Objectives This study examines whether the coronary artery calcium (CAC) score can be used to define the target population to treat with a polypill. Background Prior studies have suggested a single polypill to reduce cardiovascular disease (CVD) at the population level. Methods Participants from MESA (Multi-Ethnic Study of Atherosclerosis) were stratified using the criteria of 4 polypill studies (TIPS [The Indian Polycap Study], Poly-Iran, Wald, and the PILL [Program to Improve Life and Longevity] Collaboration). We compared coronary heart disease (CHD) and CVD event rates and calculated the 5-year number needed to treat (NNT) after stratification based on the CAC score. Results Among MESA participants eligible for TIPS, Poly-Iran, Wald, and the PILL Collaboration, CAC = 0 was observed in 58.6%, 54.5%, 38.9%, and 40.8%, respectively. The rate of CHD events among those with CAC = 0 varied from 1.2 to 1.9 events per 1,000 person-years, those with CAC scores from 1 to 100 had event rates ranging from 4.1 to 5.5, and in those with CAC scores >100 the event rate ranged from 11.6 to 13.3. The estimated 5-year NNT to prevent 1 CVD event ranged from 81-130 for patients with CAC = 0, 38-54 for those with CAC scores from 1 to 100, and 18-20 for those with CAC scores >100. Conclusions In MESA, among individuals eligible for treatment with the polypill, the majority of CHD and CVD events occurred in those with CAC scores >100. The group with CAC = 0 had a very low event rate and a high projected NNT. The avoidance of treatment in individuals with CAC = 0 could allow for significant reductions in the population considered for treatment, with a more selective use of the polypill and, as a result, avoidance of treatment in those who are unlikely to benefit.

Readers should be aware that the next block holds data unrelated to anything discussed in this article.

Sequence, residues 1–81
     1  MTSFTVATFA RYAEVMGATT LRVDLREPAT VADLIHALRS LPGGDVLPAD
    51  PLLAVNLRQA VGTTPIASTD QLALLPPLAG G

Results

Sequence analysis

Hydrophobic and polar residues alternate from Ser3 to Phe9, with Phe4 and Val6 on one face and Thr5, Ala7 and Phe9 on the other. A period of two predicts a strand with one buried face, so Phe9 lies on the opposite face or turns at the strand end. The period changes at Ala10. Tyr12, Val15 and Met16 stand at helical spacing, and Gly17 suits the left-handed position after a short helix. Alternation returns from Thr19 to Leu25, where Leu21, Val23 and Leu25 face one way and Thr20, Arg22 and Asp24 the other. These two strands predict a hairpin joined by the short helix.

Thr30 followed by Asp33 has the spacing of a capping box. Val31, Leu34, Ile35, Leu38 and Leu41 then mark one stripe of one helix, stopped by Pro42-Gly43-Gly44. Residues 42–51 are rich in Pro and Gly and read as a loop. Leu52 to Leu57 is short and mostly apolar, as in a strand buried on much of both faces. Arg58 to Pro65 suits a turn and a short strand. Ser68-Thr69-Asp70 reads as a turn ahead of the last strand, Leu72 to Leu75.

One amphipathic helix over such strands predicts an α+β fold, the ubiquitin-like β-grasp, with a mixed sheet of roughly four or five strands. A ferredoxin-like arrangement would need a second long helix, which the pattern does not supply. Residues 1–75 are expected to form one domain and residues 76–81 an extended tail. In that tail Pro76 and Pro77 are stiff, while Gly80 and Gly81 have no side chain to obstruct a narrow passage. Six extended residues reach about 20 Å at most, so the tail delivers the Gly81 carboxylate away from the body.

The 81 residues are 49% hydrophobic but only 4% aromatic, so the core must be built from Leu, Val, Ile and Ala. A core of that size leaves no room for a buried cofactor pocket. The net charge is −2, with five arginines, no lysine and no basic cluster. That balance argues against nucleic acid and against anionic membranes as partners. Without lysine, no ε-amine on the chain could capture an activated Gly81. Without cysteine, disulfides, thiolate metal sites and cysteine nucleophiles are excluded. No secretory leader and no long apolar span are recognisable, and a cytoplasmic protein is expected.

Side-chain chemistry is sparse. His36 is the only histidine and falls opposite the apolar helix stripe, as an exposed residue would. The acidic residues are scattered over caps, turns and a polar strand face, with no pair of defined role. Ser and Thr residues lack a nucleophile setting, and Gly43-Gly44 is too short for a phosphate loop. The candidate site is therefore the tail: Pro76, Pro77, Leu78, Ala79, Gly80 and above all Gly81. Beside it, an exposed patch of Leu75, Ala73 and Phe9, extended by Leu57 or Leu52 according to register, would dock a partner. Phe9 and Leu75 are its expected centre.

- risk stratification
- subclinical atherosclerosis
ASJC Scopus subject areas
- Cardiology and Cardiovascular Medicine